» Chasing Bayla: Michael Moore's quest to free a North Atlantic right whale from fishing gear (The Boston Globe, October 2014)
Michael Moore is one of a handful of marine biologists who works with the federal government to determine the cause of death for protected marine mammals. He has ongoing support for this work from the NOAA Marine Mammal Health and Stranding Response Program.
Although he works with many species of whales, Moore has devoted much of his career to understanding the endangered North Atlantic right whale, which are too often the victims of human activities. Since coming to WHOI as a graduate student in 1986, Moore has investigated why populations of North Atlantic right whales have not rebounded as they could have in the eight decades since whaling was outlawed, while their South Atlantic cousins have. Moore and colleagues at the New England Aquarium and elsewhere, as part of the Right Whale Consortium, have come to recognize that the specie lives mostly in a highly “urbanized” ocean, where ship strikes and fishing gear entanglements are a constant concern.
As a result, Moore has studied various pharmacological and mechanical tools to help restrain or sedate large whales so that they can be cut loose from ropes and fishing gear. These efforts include the development of methods of injecting large whales with sedatives or antibiotics. Moore and colleagues Becky Woodward and Jeremy Winn have also modeled the interactions between fixed fishing gear and large whale body parts and conducted engineering tests to determine how rope interacts with whale baleen.
In addition, Moore works with colleagues to understand the impact of ship strikes on whales. Using the lower jaw of the right whale as a test case, he and a graduate student, Regina Campbell-Malone, modeled the physical and material properties of blunt force collision between right whales and large ships. The project established a better understanding of how much (or how little) force it takes for a ship to kill a whale—data that could help policymakers set new guidelines about shipping lanes and speed limits.
Moore and graduate student Carolyn Miller have analyzed the reproductive health of the right whale. They undertook a study of blubber thickness in live right whales to investigate the hypothesis that low birth rates might be the result of malnourishment. In the process, they pioneered the use of non-invasive ultrasound devices suspended from a long carbon fiber pole. Moore and colleagues have found the North Atlantic right whales often carry significantly less fat stores than the South Atlantic whales, making pregnancy less likely.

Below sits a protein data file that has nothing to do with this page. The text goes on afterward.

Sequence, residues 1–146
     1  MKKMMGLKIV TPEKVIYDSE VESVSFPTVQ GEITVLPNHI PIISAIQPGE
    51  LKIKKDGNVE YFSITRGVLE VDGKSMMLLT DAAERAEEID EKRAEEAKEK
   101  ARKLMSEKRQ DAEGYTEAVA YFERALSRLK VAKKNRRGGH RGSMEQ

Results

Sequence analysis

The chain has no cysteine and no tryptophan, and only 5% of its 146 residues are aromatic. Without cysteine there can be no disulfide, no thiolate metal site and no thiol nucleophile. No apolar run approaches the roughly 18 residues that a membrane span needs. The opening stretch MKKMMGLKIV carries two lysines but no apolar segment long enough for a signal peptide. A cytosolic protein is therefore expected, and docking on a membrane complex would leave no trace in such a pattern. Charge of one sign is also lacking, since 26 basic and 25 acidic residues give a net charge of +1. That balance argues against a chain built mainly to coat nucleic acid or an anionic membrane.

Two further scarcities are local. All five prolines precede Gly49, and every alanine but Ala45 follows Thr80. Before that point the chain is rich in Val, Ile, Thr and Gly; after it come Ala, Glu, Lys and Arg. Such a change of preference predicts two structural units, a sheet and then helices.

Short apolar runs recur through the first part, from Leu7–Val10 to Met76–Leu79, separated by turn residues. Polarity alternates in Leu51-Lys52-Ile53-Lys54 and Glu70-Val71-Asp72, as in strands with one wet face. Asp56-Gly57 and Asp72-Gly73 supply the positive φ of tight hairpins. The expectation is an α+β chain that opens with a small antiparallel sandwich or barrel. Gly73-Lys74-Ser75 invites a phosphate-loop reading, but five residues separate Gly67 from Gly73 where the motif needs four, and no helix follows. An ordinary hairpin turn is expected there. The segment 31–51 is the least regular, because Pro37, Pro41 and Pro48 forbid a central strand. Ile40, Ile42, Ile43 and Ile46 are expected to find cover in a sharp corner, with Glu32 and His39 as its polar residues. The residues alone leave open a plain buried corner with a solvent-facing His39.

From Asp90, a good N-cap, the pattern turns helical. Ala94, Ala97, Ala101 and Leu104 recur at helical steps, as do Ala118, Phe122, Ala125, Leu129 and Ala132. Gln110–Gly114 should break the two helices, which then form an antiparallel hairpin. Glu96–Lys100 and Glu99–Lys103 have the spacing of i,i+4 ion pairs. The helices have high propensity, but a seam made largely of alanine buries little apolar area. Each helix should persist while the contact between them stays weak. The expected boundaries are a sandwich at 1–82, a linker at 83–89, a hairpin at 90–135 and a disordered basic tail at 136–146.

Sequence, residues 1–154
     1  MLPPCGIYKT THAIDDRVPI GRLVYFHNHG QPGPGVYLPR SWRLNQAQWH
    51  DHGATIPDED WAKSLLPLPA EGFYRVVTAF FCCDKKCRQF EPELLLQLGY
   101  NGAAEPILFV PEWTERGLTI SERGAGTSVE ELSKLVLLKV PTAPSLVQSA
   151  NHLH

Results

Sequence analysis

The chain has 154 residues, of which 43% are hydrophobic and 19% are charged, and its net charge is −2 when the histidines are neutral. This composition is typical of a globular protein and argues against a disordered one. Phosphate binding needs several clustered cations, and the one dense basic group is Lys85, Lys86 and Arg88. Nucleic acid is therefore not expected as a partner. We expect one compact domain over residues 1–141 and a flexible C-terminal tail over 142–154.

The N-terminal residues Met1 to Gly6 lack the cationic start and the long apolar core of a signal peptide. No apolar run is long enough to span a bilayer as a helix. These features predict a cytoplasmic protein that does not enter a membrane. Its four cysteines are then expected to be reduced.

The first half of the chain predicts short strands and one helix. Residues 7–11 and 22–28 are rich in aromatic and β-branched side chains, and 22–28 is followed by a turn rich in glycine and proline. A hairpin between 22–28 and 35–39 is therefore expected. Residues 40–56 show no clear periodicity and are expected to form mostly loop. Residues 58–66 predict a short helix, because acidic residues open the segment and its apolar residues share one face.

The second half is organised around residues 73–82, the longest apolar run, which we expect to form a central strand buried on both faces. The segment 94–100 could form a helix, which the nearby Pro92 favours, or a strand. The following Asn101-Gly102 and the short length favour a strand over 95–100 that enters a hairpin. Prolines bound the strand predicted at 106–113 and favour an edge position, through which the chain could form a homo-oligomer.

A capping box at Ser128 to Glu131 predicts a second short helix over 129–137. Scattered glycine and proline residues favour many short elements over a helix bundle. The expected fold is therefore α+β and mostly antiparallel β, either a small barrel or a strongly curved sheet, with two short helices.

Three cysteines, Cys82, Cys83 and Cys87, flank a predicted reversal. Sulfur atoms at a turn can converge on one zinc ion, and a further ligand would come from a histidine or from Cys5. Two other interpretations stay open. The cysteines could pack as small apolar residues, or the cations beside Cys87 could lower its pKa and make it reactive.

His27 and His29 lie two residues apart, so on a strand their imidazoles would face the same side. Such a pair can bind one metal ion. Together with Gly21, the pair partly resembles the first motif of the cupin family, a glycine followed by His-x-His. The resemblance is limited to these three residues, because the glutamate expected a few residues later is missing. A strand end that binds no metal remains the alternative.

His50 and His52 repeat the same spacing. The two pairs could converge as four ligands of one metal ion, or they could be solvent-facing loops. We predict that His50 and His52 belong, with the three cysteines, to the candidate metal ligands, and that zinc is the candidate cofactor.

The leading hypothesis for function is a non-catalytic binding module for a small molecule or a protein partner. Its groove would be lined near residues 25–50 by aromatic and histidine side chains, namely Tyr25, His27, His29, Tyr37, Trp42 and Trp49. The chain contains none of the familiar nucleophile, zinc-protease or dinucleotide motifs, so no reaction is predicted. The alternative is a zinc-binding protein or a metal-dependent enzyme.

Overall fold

In recent years he has worked with colleagues Alex Shorter at the University of Michigan, Doug Nowacek at Duke University Marine Laboratory, and Peter Tyack and Mark Johnson St. Andrews University in Scotland to study the effects of suction cup tags on dolphins and whales with support from the National Ocean Partnership Program. This work is in collaboration with his current MIT-WHOIgraduate student Julie van der Hoop. He also has a long-standing collaboration with Andreas Fahlman Texas A&M University Corpus Christi, who has an abiding interest in how diving mammals manage gas in the context of repetitive descents and ascents. This work has been supported by the Office of Naval Research. Van der Hoop, Moore, and others have also published important analyses of the efficacy of whale/ vessel strike mitigation measures, and the impact of the 2008 ship strike rule.
Moore has also maintained a long-term interest in the response of bottom fish to toxic pollutants. His doctoral thesis work focused on tumor formation in winter flounder associated with the Boston Harbor sewage outfall. He continues this work today, working with the Massachusetts Water Resources Authority Harbor and Outfall Monitoring Program.